Girls in Alexandria schools have gotten out of their one-piece gym suits this year as the result of a sex discrimination complaint filed last school year by two high school girls.
Girls now wear the same two-piece uniform that boys wear. And girls in Fairfax and Prince George's countries, the two remaining metropolitan area jurisdictions that require different uniforms for boys and girls, may soon do the same as school officials there are studying unisex gym suits.
"I feel like (unizex gym suits) might help eliminate the distinction between the sexes in physical education classes," said Freda Martin, the supervisitor of physical education in Prince George's County. She has been collecting samples of unisex gym suits.
Under Title IX of the Education Amendments Act of 1972, gym classes in secondary schools are coeducational, except for contact sports, such as football and boxing.
Title IX was what led Annabel Maryshall and Gayla Penn to file the first formal student sex discrimination complaint last year in Alexandria schools, over the one-piece gym suits.The suit resulted in the adoption of the new two-piece, dark blue and white uniform of a T-shirt and shorts.
"They look nice," Penn said. "The best part is they look alike."
"I like it better than the one-piece suit we had to wear last year," said Sandy Timmons, an eighth grader at Parker-Gray Middle School. "It's easier to get into it." She added that most girls complained that the one-piece suit, which the girls had to step into, was hard to get on and off.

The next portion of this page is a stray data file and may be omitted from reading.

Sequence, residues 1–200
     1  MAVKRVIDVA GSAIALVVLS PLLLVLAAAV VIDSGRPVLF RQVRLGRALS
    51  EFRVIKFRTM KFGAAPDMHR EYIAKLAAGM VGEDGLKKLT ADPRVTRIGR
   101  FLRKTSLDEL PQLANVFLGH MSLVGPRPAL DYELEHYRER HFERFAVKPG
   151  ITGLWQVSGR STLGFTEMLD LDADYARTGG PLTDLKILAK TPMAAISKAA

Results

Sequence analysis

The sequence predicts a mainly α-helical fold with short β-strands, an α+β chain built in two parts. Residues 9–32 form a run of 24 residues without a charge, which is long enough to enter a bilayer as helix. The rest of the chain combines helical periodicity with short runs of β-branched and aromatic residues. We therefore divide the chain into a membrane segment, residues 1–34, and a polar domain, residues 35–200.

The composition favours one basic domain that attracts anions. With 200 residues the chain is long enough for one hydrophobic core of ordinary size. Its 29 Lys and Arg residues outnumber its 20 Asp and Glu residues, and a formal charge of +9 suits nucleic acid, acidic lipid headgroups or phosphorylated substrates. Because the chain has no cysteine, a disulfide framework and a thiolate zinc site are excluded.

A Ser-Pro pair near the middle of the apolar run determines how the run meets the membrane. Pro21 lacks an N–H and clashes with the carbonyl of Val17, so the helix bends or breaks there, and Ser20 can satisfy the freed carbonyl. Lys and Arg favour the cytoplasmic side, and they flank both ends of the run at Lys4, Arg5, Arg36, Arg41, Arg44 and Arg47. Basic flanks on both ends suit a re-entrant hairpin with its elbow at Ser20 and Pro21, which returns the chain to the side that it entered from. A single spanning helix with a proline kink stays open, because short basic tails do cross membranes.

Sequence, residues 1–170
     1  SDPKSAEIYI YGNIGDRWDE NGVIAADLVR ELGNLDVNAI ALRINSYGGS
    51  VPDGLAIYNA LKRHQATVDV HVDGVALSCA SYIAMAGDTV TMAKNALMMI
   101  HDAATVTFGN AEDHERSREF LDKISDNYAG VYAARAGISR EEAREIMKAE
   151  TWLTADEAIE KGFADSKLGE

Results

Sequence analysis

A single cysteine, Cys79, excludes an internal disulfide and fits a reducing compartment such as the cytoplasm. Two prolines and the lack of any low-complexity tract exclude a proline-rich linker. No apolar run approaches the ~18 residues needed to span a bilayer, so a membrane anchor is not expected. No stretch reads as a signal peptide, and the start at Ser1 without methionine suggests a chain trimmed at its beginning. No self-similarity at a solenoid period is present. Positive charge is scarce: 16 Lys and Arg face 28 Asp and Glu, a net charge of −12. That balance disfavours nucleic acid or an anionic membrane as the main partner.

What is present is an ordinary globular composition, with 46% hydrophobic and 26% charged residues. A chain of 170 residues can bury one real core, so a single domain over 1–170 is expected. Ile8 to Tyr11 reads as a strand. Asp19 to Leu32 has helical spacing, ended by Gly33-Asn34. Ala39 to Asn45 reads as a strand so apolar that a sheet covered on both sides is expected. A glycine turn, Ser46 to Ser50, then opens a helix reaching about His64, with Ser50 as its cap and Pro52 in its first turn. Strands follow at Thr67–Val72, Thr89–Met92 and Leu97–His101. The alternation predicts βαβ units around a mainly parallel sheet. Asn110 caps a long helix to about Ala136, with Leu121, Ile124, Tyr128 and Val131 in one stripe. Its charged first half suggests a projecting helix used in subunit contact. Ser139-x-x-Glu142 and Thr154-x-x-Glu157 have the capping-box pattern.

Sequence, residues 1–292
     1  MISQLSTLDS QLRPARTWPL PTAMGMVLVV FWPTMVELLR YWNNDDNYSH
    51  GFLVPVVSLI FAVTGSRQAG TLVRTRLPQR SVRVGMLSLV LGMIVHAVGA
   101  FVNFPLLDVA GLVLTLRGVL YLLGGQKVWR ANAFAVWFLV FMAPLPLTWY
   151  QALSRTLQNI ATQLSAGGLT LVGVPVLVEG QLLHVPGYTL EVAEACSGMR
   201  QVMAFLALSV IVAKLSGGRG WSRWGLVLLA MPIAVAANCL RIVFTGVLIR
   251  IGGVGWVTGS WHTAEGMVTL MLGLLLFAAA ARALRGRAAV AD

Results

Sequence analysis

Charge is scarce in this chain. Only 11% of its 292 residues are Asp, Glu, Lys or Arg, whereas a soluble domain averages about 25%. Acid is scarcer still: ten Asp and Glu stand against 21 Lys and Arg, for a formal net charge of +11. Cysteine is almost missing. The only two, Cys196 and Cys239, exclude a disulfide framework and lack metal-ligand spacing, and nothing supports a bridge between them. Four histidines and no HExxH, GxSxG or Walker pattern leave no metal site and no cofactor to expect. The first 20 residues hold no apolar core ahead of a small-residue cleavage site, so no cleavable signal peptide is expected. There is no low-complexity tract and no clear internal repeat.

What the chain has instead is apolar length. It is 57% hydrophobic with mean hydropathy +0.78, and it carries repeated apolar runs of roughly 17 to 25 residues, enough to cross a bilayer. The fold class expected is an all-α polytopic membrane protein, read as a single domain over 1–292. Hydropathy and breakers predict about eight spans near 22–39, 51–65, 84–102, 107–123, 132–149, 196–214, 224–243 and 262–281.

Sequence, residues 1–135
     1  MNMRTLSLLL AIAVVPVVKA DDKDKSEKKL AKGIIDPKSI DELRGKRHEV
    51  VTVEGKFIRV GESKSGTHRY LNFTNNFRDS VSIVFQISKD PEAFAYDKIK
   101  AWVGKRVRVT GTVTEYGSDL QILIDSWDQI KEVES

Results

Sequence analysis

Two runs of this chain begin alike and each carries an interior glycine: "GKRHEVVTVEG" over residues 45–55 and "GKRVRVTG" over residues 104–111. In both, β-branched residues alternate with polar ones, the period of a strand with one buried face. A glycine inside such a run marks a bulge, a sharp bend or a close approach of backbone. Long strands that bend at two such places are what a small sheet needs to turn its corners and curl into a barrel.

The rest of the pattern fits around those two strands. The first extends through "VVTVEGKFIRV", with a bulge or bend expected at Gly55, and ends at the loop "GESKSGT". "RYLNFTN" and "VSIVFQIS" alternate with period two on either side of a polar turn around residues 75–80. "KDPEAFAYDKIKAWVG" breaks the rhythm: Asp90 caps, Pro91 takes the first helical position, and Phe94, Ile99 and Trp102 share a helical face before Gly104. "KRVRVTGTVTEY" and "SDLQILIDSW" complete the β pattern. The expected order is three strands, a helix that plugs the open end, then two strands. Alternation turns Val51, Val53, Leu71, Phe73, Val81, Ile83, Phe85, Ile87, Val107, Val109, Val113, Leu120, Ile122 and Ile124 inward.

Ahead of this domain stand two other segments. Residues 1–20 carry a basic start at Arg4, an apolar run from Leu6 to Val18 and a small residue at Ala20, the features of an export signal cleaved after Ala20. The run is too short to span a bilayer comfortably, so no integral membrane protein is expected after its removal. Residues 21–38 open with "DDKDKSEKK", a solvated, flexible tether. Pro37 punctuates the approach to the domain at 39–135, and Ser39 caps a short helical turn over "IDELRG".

Penn and Marshall, 11th-graders at T. C. Williams High School, charged in their sex discrimination complaint that they were discriminated against because their one-piece suits cost more than the boys' two-peice suits and because the suits were styled differently.
The girls' one-piece uniforms, which cost $6.50 and were made of a stretchy fabric, were uncomfortable and eventually stretched out of shape, said Penn and Marshall, who are not required to take gym in the 11th grade.
They said the boys' two-piece uniforms, which cost $4.25 and consisted of a T-shirt and shorts, were easier to get on and off and seemed more comfortable and more attractive than the girls'.
After apparently being convinced by the two girls of their case during a formal hearing, city school officials sought further comment from students, parents and teachers. As a result of those responses, school officials decided on the two-piece, $6 outfit for both boys and girls.
"It was well received," said William P. Blair, director of physical education for Alexandria schools. "Everyone seems really happy will them. We feel it makes the physical education classes look better with everyone wearing the same uniform."
Marsha Daniel, the Title IX coordinator for Alexandria schools, said she generally has received good responses from students about the new uniforms. She said, however, that some students have complained about the texture of the shorts, which are made of stretch nylon. "Some would prefer that they were cotton," she said. "You can't please everyone."